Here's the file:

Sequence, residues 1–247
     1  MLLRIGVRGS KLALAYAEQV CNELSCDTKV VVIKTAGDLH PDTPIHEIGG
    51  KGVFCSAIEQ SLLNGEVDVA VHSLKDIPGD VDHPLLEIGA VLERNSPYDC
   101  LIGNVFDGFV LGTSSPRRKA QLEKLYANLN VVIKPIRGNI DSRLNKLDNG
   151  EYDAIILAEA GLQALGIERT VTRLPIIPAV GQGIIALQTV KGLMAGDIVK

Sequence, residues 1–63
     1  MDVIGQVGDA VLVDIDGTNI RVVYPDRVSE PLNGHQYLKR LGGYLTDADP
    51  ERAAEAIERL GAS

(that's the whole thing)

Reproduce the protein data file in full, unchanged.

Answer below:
Sequence, residues 1–247
     1  MLLRIGVRGS KLALAYAEQV CNELSCDTKV VVIKTAGDLH PDTPIHEIGG
    51  KGVFCSAIEQ SLLNGEVDVA VHSLKDIPGD VDHPLLEIGA VLERNSPYDC
   101  LIGNVFDGFV LGTSSPRRKA QLEKLYANLN VVIKPIRGNI DSRLNKLDNG
   151  EYDAIILAEA GLQALGIERT VTRLPIIPAV GQGIIALQTV KGLMAGDIVK

Sequence, residues 1–63
     1  MDVIGQVGDA VLVDIDGTNI RVVYPDRVSE PLNGHQYLKR LGGYLTDADP
    51  ERAAEAIERL GAS